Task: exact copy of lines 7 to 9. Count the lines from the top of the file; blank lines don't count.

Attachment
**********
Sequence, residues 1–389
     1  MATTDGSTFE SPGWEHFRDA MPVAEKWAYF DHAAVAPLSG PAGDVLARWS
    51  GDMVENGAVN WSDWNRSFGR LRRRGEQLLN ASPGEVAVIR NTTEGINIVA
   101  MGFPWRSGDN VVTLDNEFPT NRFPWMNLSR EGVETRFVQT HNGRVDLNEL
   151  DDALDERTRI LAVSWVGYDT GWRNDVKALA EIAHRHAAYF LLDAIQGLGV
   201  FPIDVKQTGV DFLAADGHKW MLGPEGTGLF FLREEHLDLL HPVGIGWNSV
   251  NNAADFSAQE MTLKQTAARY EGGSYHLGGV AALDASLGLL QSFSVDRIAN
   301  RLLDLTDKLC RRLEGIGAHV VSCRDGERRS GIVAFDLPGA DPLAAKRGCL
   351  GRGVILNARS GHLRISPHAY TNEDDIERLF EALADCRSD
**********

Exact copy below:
   251  NNAADFSAQE MTLKQTAARY EGGSYHLGGV AALDASLGLL QSFSVDRIAN
   301  RLLDLTDKLC RRLEGIGAHV VSCRDGERRS GIVAFDLPGA DPLAAKRGCL
   351  GRGVILNARS GHLRISPHAY TNEDDIERLF EALADCRSD